What dentists should explain to patients is trismus. I may be spelling it incorrectly, but there's no English dictionary here.
    Anybody can whiten teeth at home, so how dangerous could it be to use the good stuff that makes everybody believe you're still eighteen years old?

    June 10, 2014 at 12:37 pm | Reply
    • banasy©


      June 10, 2014 at 2:34 pm | Reply
      • Joey Isotta-Fraschini©

        @ banasy, yes, but that word is ever so frightful, is it not?
        Far better not to know what might happen when your dentist sticks a hypodermic needle into your gum.

        June 10, 2014 at 8:54 pm |
      • banasy©

        Thankfully, I haven't had a cavity in decades.
        I have always found the other causes of trismus to be much more frightening; Old Yeller and Cujo come to mind.

        June 11, 2014 at 10:39 am |
    • rupert

      Banasy doesn't have to worry about finding a liscensed whitening worker. She just has yellow teeth and is ok with it like palintwit.
      It's not that they aren't vain. They are. It's that they don't think good hygiene is important. That's all.

      June 11, 2014 at 7:01 am | Reply
      • banasy©

        C 9

        June 11, 2014 at 5:09 pm |
  7. bobcat2u

    A patient came to his dentist with problems with his teeth. Patient: Doctor, I have yellow teeth, what do I do? Dentist: Wear a brown tie!

    June 10, 2014 at 1:16 pm | Reply
    • dazzle

      @bobcat, another good laugh.

      June 10, 2014 at 10:51 pm | Reply
      • rupert

        How many psychologists does it take to change a lightbulb?
        One. But it takes nine visits.

        June 11, 2014 at 7:38 am |
  8. bobcat2u

    A man went to his dentist because he feels something wrong in his mouth. The dentist examines him and says, "that new upper plate I put in for you six months ago is eroding. What have you been eating?" The man replies, "all I can think of is that about four months ago my wife made some asparagus and put some stuff on it that was delicious ... Hollandaise sauce. I loved it so much I now put it on everything - meat, toast, fish, vegetables, everything." "Well," says the dentist, "that's probably the problem. Hollandaise sauce is made with lots of lemon juice, which is highly corrosive. It's eaten away your upper plate. I'll make you a new plate, and this time use chrome." "Why chrome?" asks the patient. To which the dentist replies, "It's simple. Everyone knows that ... there's no plate like chrome for the Hollandaise!"

    June 10, 2014 at 1:19 pm | Reply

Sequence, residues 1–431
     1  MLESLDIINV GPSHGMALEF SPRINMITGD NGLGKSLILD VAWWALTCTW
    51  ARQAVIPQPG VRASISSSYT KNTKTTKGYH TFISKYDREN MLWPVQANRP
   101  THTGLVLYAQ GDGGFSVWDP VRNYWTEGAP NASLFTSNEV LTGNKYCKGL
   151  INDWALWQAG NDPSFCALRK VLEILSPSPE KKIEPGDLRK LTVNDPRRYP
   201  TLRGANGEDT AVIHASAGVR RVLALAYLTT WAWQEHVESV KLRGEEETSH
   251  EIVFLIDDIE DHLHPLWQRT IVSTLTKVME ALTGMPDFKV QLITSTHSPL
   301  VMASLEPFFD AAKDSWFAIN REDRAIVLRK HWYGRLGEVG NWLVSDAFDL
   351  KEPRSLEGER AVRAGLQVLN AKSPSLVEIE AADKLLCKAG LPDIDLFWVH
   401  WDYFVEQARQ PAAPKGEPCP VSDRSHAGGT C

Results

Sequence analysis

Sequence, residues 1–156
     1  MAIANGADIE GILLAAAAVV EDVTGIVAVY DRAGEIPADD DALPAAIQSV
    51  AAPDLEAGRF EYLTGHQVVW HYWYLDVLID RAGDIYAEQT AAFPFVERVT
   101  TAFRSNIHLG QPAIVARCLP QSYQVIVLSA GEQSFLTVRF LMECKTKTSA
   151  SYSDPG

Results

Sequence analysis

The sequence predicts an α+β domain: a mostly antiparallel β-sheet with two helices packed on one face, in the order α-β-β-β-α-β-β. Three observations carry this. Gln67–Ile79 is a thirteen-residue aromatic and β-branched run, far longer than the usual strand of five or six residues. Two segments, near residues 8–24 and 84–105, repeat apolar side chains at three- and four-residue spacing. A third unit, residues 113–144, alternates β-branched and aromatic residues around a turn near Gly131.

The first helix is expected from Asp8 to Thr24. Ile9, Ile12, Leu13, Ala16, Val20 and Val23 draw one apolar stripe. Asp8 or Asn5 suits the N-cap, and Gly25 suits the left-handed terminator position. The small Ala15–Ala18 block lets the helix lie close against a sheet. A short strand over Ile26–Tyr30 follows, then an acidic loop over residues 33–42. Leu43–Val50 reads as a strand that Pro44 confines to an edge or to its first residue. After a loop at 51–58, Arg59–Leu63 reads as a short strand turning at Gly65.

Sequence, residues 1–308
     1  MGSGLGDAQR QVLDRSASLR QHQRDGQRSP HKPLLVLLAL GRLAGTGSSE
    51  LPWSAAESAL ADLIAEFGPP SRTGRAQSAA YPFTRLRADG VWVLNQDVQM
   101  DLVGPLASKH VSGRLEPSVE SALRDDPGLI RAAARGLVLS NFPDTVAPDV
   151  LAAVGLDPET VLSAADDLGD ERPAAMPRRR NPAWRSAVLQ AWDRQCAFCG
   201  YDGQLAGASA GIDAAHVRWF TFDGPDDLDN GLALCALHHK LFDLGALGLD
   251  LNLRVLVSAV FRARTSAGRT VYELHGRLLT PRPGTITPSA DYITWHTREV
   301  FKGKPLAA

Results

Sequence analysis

9. AnnJo

    Over-licensing cartel of the funeral industry: 2013 – "The US Supreme Court's refusal to hear an appeal from the state of Louisiana means it's now the law: You don't have to have a funeral directors license to sell coffins in the Bayou state. It's a little bittersweet; we were used to watching the state's undertaker's regulatory board playing Don Quixote for years against a group of monks who wanted only to build and sell wood coffins." via funerals.org

    June 10, 2014 at 1:25 pm | Reply
    • Joey Isotta-Fraschini©

      I'm on the monks' side, I think–but do the monks' sales bring any tax revenues to Louisiana schools and bayou bridges?

      June 10, 2014 at 9:02 pm | Reply
  10. ellie

    I disagree with this premise. The teeth whitening thing is silly, of course, but I don't really care. You can buy the stuff at the local supermarket if you think having super white teeth is so important. But I do believe most of these industries do need to be regulated. Most of these trades take some training and to suggest that they do not is to minimize them. Okay, a floral shop is no big deal. If you like the arrangement, buy it, but personal services are different. I want someone who knows how to cut hair. Some are more talented than others, but it is a learned skill. I want a massage therapist who knows the muscles in my body and has training. I want an auto mechanic who knows about cars in great detail. There are many skills which need to be learned. So let's be reasonable about it.

    June 11, 2014 at 2:04 am | Reply
  11. rupert

    I know Ellie. Right? It is dumb to require a florist or a wig worker to have a liscense. But I think it's ok to require a liscense for teeth whitening workers just to play it safe. After all we are born with only 32 teeth and want to hang on to them as long as possible. Look at me, I'm 90 years old and still have 33 teeth.

    June 11, 2014 at 7:14 am | Reply
  12. rupert

    @Ellie. So when was the last time u got laid?
    FYI, I'm a good layer.

    June 11, 2014 at 7:19 am | Reply
  13. rupert

    Banasy and palinwit both have dem entia

    June 11, 2014 at 1:17 pm | Reply
    • banasy©

      Rupert seems to suffer from DVBPD #N.
      There is no cure.

      June 11, 2014 at 7:59 pm | Reply
  14. chri§§y

    Lol @ banasy ok and wth is that? And what is C9?

    June 11, 2014 at 8:30 pm | Reply
  15. denturist

    Gary W. Vollan L.D. State Coordinator, Wyoming State Denturist Association,

    June 11, 2014 at 11:15 pm | Reply
  16. CrestBG

    The best teeth whitening is with Crest Whitestrips http://www.whitestrips.bg

    June 19, 2014 at 6:48 am | Reply
  17. Bill Johnson

    Personally, I don't care much about the dentists. They are just complaining because they have competition. Maybe they should lower they fees to be competitive. What the government must do is regulate and check if the non-dentist whitening services are really capable of such service. If not, then they should be shut down. There is nothing bad with a healthy and fair competition. I don't like monopolization.

    July 8, 2014 at 6:01 am | Reply
  18. henry william

    Well said about teeth whitening . Everybody should be concerned about their presentation

    December 30, 2014 at 4:30 am | Reply